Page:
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Friday, December 18, 2009
Tighter Regulation Blocks
Old Paths to Profit
Banks have spent a long, turbulent spell
wrestling with huge credit and liquidity
challenges. They have skirted insolvency,
survived vertiginous drops in asset prices,
raised fresh capital and adapted to tougher
government oversight. Much more work
remains to be done.
Despite some recent improvement, banks’
structural profit pools have shifted, with little
sign that they will soon return to precrisis
levels on a sustained basis. Profits of U.S.
banks tumbled from a peak of $230 billion in
2006 to a $39 billion loss in 2008. Powered by
near-record low interest rates and a favorable
trading environment, banks swung to a $28
billion profit through mid-2009. But further
losses loom in troubled real estate and commercial and credit card loans. An analysis by
our firm calculates that the financial sector
will earn at least $200 billion less than its cost
of capital during the next five years.
A tougher regulatory landscape will close
off pathways to restore earnings. Though
specifics remain uncertain, lenders will
almost surely face new disclosure rules, caps
on fees and limits on securitization that will
crimp profitability. They will also need to
raise fresh capital — $200 billion on top of
the $390 billion the big U.S. banks raised
during the past year — which will reduce
their returns on equity.
Climbing out of this hole will challenge
banks to fundamentally retool three key
elements of their businesses where they
retain room to maneuver.
Customer loyalty is critical. How a recovery
plays out, or affects any particular institution, will be determined by the changed
behavior of customers and how nimbly
banks respond. Bank customers’ chief objectives will be to repair their battered household balance sheets by paying down debt
and rebuilding cash reserves. But even as the
savings rate rises (from just 1% in 2007 to
about 7%, by our calculation), the net flow
of household income into financial assets
will be 20% lower on average through 2013
than during the flush years from 2004 to
2008. For this year, we estimate that total
flows will plunge to $390 billion, from $800
billion in 2007.
Banks will need to take customer loyalty seriously. They have a lot of ground to
make up to regain customers’ trust. Using a
measurement called Net Promoter Score,
we have tracked trends in customer loyalty
at scores of financial services companies
over the past five years.
When we last surveyed customers of
financial service providers in mid-2009,
NPS for the sector overall had rebounded a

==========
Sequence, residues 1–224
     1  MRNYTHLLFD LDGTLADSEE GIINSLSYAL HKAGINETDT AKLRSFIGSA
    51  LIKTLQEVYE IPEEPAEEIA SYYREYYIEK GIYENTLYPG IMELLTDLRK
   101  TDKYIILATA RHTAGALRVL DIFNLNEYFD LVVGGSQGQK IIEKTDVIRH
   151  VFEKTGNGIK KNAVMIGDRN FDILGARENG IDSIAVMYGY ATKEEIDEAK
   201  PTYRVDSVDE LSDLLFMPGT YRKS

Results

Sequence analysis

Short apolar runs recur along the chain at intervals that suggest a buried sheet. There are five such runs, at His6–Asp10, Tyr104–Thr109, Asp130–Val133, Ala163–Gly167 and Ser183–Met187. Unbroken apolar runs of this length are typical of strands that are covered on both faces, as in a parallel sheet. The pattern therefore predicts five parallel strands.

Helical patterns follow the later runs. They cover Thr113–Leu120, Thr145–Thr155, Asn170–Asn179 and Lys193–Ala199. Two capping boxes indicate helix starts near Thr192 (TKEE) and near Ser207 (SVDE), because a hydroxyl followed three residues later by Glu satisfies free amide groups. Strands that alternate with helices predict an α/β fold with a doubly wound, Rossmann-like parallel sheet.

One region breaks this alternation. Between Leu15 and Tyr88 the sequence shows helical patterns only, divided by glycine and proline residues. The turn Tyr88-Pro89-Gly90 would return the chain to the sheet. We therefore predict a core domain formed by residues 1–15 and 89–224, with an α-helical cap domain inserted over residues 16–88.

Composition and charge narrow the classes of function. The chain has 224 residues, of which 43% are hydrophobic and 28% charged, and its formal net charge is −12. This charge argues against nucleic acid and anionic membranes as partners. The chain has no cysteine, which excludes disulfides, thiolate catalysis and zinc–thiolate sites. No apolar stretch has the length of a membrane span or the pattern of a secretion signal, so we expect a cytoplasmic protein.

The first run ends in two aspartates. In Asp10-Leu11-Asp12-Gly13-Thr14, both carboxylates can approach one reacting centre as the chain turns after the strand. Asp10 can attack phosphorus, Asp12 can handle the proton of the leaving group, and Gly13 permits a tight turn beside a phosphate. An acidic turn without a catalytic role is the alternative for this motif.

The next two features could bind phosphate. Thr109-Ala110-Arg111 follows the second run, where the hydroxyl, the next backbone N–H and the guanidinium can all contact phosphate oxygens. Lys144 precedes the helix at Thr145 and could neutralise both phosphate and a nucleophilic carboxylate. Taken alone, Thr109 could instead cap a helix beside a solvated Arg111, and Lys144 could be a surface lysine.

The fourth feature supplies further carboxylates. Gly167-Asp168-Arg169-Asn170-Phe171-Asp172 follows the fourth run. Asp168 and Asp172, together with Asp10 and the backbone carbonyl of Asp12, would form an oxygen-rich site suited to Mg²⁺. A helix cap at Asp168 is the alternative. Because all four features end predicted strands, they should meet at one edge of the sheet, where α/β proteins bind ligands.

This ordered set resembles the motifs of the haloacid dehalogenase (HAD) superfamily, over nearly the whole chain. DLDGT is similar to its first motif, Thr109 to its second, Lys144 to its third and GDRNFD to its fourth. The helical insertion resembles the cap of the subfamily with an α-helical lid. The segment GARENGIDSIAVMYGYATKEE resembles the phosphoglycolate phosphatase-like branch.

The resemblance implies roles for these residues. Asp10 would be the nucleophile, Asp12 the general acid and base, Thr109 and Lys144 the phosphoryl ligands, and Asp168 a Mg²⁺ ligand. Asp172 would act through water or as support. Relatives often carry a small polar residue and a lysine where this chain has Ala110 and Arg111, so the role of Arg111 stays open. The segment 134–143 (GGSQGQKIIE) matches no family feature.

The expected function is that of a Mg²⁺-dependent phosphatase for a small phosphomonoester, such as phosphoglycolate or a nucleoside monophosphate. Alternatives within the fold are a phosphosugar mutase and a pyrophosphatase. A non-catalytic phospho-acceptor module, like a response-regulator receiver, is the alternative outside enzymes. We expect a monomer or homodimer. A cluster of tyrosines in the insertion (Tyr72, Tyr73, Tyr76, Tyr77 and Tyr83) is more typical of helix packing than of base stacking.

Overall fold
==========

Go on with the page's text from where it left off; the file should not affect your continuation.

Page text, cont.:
bit from the all-time lows when the markets
were cratering last fall. The findings also
point to distinct pockets of opportunity for
some institutions. Specifically, scores for
regional banks have held up far better than
those of the troubled big banks.
Cut complexity to contain costs. As revenues grew with economic expansion through
2007, banks felt little pressure to hold down
operating expenses. They have a long way
to go. They must reduce costs by $45 billion
by 2012 to regain the returns on equity that
prevailed in 2007.
Conventional approaches are apt to fall
short, and banks will need to rethink their
business models. Banks that succeed in
tackling complexity begin by calculating
what their cost structure would look like if
they were to offer just one product. Then
they cost out each new product variant as
features are added back in. Companies that
undertake this exercise typically find that
costs do not rise linearly but rather jump
sharply at break points where added complexity starts to strain against capacity.
Factor risk back into capital management. The fundamental blind spot at the
heart of the financial meltdown has been
an institutional failure to properly assess
risks and put safeguards in place to control
them. Poor risk management led banks to
miscalculate their true profitability and, as
a consequence, to commit scarce capital to
developing and marketing the wrong products; they also adopted the wrong incentives
to reward “success.”
When measured on a risk-adjusted basis,
the healthy-seeming accounting profits
banks reported in recent years turned out
to be vaporous.
Clearly, a more realistic approach to
appraising risk and managing capital
should play a much more prominent role
in today’s more sober times. Restoring
rigor and balance to risk management
and capital allocation requires tackling the
problem at its source — establishing clear,
effective decision processes to weigh risk
and deploy capital according to the bank’s
strategic objectives and longer-term efforts
to increase shareholder value.
Effective decision-making integrates
three key elements. It begins by spelling
out the bank’s overarching risk and capital
strategy, setting clear guidelines for how
risk should figure in line managers’ decisions consistent with the bank’s overall risk
appetite. Second, it establishes clear governance rules to guide the strategy’s implementation, assigning specific decision roles
to ensure effective oversight with minimal
bureaucracy. Finally, it aligns strategy and
governance in the day-to-day decisions
made by the bank’s operating units, providing tools for monitoring the capital and risk
position of each business unit.
Banks that respond to the painful shift in
profit pools may not get the quick earnings
kick the sector once enjoyed through leverage
and by embracing risk. But they will surely
earn a competitive edge.
Andrew Schwedel is a New York-based partner in
Bain & Company. who leads the firm’s financial services
practice in the Americas. Antonio Rodrigues is a partner in
Bain’s Toronto office and a member of its financial services
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